INDIA TIME

Chennai

Tuesday, June 15, 2010

Kerala's passion for government jobs

The recent news that the Kerala Public Service Commission (KPSC) received over 12 lakh applications for its advertisement for vacancies in the lowest rank in government service, namely, the last-grade peon post, reveals a mindset of Malayalees that seems to be pretty much fixed – globalisation, liberalisation, industrialisation, whatever.

The average Keralite – and surprisingly enough, a great portion of the youth of the State, supposedly disdainful of sarkari jobs in favour of more glamorous positions in new-fangled sectors like information technology (IT) – seems to still favour government jobs over those in the private sector.

And this, at a time when the State government is working overtime to promote Kerala as a favoured IT destination. Witness the recent brouhaha over the proposal to set up Technocity, an integrated complex of IT infrastructure, residential apartments, shopping malls, hospitals, hotels, educational institutions and other support facilities, a satellite adjacent to Thiruvananthapuram, the State capital and home to Technopark, Kerala's pioneering IT park. Billed as the largest IT township in India, the Technocity, the mega-project envisages an investment of over Rs 6,000 crore and is expected to provide direct employment to over one lakh persons and indirect jobs for another four lakh.

And yet, the recent KPSC advertisement managed to woo 12,31,499 applicants. According to a report by K P M Basheer in The Hindu, this is the largest number of applications the KPSC has ever received for a job advertisement. Not surprisingly, Thiruvananthapuram district – the quintessential abode of Kerala's babudom – produced nearly 1.75 lakh applicants; followed by Kozhikode (1.25 lakh) and Ernakulam (about 1.11 lakh). Behind them came Wayanad (35,000) and Kasaragod (40,000).

According to The Hindu report, the total number of applicants for the KPSC advertisement is roughly four per cent of Kerala's population. “If you consider the fact that the applicants are in the 18-40 age group, more than 10 per cent of the young population in the State have applied for the lowly peon's position, which is a relic of the British Raj,” writes Basheer.

And even more ironically, most of the applicants are overqualified. While the minimum educational qualification for the job advertised is the ability to read and write Malayalam, the majority of applicants are those who boast college and professional degrees; there are even some M Phil and Ph D researchers. According to the 2001 population census, 63.4 per cent of Kerala's population was in the age group of 15-59, who make up the labour force. The labour force projected for 2011 is 237.30 lakh. Keralites comprise 2.6 per of the country's total labour force.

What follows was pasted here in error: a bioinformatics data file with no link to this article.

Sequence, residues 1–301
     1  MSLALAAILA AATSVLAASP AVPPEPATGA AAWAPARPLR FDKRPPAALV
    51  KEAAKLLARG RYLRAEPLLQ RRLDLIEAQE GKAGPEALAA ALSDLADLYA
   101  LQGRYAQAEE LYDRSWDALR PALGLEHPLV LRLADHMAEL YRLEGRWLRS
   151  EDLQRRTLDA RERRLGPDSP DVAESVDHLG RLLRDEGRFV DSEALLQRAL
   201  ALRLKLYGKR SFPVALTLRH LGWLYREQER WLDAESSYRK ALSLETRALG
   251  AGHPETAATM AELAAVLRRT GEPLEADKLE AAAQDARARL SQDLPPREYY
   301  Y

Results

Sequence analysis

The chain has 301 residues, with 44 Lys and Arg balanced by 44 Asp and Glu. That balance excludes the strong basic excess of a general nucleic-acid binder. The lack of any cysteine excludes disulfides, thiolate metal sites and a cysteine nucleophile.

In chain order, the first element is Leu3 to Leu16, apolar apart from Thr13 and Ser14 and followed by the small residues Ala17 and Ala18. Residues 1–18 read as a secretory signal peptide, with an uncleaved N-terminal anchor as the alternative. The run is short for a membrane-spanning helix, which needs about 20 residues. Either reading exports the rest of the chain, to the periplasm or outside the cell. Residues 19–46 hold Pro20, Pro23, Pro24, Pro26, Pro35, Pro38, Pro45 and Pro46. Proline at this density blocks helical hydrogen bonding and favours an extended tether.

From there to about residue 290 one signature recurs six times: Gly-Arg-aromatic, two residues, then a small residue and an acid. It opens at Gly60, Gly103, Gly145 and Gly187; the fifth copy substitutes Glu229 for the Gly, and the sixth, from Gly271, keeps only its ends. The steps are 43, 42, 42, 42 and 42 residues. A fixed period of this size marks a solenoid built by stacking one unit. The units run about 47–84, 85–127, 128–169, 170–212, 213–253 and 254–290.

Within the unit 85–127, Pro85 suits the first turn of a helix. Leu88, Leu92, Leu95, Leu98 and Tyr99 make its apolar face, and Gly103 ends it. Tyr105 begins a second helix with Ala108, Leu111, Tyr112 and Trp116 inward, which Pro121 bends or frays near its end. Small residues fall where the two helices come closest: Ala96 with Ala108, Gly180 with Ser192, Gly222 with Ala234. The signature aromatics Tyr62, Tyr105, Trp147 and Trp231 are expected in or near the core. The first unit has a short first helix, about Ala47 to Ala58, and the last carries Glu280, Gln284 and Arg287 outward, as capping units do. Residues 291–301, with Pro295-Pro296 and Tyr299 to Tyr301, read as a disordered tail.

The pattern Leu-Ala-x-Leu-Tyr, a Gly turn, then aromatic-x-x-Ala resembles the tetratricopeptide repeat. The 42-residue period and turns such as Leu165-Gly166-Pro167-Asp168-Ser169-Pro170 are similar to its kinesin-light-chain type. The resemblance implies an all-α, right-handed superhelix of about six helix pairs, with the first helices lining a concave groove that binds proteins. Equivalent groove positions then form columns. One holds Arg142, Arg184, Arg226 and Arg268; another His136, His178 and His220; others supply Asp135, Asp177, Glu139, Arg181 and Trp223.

Of Kerala's labour force of 102.91 lakh workers, 16.54 lakhare agricultural labourers and 3.65 lakhwork in household industries. The organised public and private sector together employ 11.33 lakh persons, with the private sector accounting for 46.33 per cent of the employment in the organised sector.

According to the Kerala State Planning Board, of the total of 6.07 lakh employed in the public sector during December 2008, 0.63 lakh were Central government employees, 2.66 lakh State government employees, 2.56 lakh quasi-government employees and 0.26 lakh local government employees.

According to the Kerala State Planning Board's Economic Review 2009, an analysis of the sector-wise growth of employment in public and private establishments in Kerala in 2009 revealed that the highest employment is in the community, social and personnel services (44.11 per cent), followed by manufacturing (23.24), financing and business services (9.02), transport (8.51), agriculture (7.03), electricity, gas, water and sanitary services (2.45), construction (1.9) and mining and quarrying (0.436).

If the recent deluge of applications for the peon's post indicates anything, it is that in the average Keralite's mind, there is still a special place for the hallowed government job. Not only does it offer assured security of tenure and attendant perks like pensions and travel allowances (not to mention the leisure time to pursue other interests !), it is also a source for securing loans from financial institutions and employee's co-operative societies.

It seems like all the ballyhoo of “new economy” and IT jobs has not made any significant dent in the Malayalee's penchant for a safe and secure government job.

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